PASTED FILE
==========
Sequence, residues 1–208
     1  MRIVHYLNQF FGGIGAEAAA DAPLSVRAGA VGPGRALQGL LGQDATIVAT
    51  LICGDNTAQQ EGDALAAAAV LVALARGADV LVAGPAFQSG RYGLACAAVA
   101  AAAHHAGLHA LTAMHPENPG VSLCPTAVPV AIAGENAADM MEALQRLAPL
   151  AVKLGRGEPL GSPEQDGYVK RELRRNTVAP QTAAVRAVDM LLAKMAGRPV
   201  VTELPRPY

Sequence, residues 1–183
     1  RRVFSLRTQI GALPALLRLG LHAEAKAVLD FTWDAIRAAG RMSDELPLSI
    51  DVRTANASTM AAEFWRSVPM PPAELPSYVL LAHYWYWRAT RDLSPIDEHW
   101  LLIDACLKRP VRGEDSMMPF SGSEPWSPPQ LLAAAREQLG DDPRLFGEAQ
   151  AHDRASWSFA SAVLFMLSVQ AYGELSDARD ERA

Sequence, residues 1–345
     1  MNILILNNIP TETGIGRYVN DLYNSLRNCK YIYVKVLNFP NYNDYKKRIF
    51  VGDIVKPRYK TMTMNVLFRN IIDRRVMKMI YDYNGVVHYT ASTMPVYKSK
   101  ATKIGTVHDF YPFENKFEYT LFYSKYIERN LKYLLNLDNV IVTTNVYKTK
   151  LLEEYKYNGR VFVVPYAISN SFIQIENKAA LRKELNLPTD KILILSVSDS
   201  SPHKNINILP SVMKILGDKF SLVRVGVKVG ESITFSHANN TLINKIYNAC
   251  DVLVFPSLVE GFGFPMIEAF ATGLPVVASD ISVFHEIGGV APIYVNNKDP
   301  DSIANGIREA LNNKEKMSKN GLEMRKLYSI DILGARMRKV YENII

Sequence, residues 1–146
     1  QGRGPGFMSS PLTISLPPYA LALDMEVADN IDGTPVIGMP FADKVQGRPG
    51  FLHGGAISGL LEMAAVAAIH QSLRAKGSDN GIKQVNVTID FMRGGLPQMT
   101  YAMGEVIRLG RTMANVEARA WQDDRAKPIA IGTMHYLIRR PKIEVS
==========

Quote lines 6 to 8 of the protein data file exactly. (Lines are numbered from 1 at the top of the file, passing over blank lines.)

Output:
   201  VTELPRPY

Sequence, residues 1–183
     1  RRVFSLRTQI GALPALLRLG LHAEAKAVLD FTWDAIRAAG RMSDELPLSI